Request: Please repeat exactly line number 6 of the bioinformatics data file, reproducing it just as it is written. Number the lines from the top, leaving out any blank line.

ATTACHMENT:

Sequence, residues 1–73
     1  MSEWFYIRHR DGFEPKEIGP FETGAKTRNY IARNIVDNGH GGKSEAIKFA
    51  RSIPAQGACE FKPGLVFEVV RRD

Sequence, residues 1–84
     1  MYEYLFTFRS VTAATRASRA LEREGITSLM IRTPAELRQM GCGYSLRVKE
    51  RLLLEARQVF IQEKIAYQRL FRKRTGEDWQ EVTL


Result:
    51  RLLLEARQVF IQEKIAYQRL FRKRTGEDWQ EVTL